BUSINESS

Russian bookie Fonbet tops World Cup TV advertising chart

TAGs: 2018 fifa world cup, azino777, fonbet, Russia, winline

russia-fonbet-world-cup-television-advertising-bettingRussian bookmakers were among the top television advertisers during the 2018 FIFA World Cup, while one local politician wants to send individuals who promote illegal online casinos to Siberia.

Local media outlet Sostav.ru reported this week that Russian-licensed bookmaker Fonbet was the top television advertiser during the World Cup, accounting for 18% of all advertising placements and 8% of overall ad minutes, outstripping even the tournament’s official sponsors Alfa Bank, Kia, Coca Cola and Adidas.

Not to be outdone, bookmakers Winline ranked fourth on the overall World Cup TV advertising chart, accounting for 7% of all ad placements but 23% of ad minutes. Liga Stavok was the third-highest bookie, placing 21st overall, albeit with a comparatively tiny 1% ranking in both ad placements and minutes.

All told, Russian bookmakers accounted for 26% of all World Cup TV ad placements and 32% of minutes. These figures appear to be in direct violation of the 2017 rules that limited bookmakers to 20% of the total allowable advertising time in sports broadcasts. Fonbet insists that it booked seven 30-second spots on each World Cup match broadcast on Channel One and Russia-1, which it claims were within its limits.

Regardless of whatever sanctions might arise from this apparent rule-flouting, the World Cup was an unqualified win for Russian bookies, who reported combined betting turnover of up to RUB250b ($3.95b) during the month-long tournament. Fonbet marketing director Alina Yakirevich told Sostav that the company’s turnover was twice that of the 2017-18 UEFA Champions League tournament.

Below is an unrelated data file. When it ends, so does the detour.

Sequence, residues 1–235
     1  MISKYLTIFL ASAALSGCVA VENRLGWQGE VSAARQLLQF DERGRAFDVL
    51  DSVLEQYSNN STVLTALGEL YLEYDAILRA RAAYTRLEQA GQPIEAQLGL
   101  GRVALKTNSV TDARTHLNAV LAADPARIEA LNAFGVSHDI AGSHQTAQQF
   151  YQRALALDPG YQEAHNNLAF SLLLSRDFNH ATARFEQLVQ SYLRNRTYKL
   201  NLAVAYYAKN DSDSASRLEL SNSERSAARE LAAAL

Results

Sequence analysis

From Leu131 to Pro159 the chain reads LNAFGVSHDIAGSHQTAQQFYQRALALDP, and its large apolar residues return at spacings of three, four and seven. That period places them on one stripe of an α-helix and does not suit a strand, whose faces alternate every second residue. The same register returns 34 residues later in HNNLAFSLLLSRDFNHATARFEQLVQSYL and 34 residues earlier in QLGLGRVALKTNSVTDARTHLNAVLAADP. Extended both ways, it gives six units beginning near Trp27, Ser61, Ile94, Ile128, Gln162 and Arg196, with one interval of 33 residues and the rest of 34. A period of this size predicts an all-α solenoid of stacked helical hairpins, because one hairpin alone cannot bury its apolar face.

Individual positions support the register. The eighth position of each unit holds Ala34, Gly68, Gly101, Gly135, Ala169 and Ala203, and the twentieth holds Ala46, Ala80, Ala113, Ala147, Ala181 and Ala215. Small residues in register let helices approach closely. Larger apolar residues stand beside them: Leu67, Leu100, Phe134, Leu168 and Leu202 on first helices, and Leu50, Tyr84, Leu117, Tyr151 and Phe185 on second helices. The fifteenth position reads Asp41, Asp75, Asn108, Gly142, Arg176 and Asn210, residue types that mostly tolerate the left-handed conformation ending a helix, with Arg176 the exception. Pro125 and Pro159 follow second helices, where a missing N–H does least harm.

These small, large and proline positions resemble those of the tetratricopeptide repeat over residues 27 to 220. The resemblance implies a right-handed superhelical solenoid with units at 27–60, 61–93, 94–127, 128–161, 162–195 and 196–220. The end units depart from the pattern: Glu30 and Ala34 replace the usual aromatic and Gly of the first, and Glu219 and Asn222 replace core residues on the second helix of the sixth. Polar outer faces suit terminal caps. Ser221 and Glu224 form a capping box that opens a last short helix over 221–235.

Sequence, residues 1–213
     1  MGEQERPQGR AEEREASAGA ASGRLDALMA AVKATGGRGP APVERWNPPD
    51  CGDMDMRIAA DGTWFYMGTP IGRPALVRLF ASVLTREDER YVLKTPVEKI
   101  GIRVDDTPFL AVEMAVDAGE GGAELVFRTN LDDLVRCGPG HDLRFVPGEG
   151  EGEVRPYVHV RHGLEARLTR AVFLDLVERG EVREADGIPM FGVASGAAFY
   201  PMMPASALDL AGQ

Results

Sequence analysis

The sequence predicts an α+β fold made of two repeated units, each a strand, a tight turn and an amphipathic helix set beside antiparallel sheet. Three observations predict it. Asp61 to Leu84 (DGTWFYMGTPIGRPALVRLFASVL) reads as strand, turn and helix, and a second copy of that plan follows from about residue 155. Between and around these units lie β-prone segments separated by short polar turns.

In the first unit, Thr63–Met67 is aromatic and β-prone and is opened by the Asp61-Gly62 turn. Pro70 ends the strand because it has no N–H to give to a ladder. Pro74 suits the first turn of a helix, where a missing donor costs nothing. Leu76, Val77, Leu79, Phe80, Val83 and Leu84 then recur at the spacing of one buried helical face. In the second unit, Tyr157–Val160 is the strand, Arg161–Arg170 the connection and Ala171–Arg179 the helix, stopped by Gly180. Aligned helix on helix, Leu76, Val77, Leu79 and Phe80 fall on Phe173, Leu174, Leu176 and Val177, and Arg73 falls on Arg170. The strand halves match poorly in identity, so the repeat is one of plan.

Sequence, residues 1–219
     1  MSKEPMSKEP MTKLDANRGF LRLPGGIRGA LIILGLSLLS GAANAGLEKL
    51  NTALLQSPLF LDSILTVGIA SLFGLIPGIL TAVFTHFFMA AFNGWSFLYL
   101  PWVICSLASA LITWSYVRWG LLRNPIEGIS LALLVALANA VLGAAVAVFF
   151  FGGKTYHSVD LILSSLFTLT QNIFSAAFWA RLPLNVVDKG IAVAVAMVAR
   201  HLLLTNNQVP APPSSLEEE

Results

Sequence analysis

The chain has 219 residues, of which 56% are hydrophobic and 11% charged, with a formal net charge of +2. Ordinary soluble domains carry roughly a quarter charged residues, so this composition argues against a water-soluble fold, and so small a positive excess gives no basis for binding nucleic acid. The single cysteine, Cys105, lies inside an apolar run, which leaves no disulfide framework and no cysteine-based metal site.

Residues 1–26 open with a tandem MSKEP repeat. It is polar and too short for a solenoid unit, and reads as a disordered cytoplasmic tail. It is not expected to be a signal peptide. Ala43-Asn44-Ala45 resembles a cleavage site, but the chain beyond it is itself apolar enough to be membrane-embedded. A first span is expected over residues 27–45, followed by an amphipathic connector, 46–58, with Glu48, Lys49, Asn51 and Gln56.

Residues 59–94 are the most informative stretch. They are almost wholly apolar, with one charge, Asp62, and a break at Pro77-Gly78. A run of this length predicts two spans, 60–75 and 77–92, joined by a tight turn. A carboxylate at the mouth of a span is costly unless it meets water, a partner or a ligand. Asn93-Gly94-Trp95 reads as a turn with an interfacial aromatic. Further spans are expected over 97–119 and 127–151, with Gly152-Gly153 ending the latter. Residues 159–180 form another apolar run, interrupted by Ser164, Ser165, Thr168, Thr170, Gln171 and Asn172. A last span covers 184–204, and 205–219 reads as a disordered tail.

THE GULAG ARCHIPELACASINO
Meanwhile, the recent spate of Russian celebs using their star power to promote illegal online casinos has one local pol calling for these stars to be sent for “mandatory correctional labor.”

On Tuesday, MSKagency.ru reported that Eduard Isakov had risen in the upper house of Russia’s parliament to declare that “well-known public television presenters, musicians, actors with a huge youth audience” were promoting illegal online casinos via YouTube and social networks, “telling tales” of how easy it was to make big lots of rubles.

Last week, the leader of the Youth Parliament of the State Duma asked the grownup government to punish local rapper Guf for promoting Curacao-licensed online casino Azino777. A different Russian rap star has promoted the same site in other popular online videos.

Isakov complained that the maximum existing punishment for promoting illegal gambling was a fine of RUB2,500 ($39), which Isakov noted was “not commensurate with the royalties” that celebs receive from the sites for their endorsement.

Isakov suggested a “multiple increase in fines” along with a spell on the chain gang. “A minute in the video, these actors worked with the language, and then 15 days, let them work with a shovel.”

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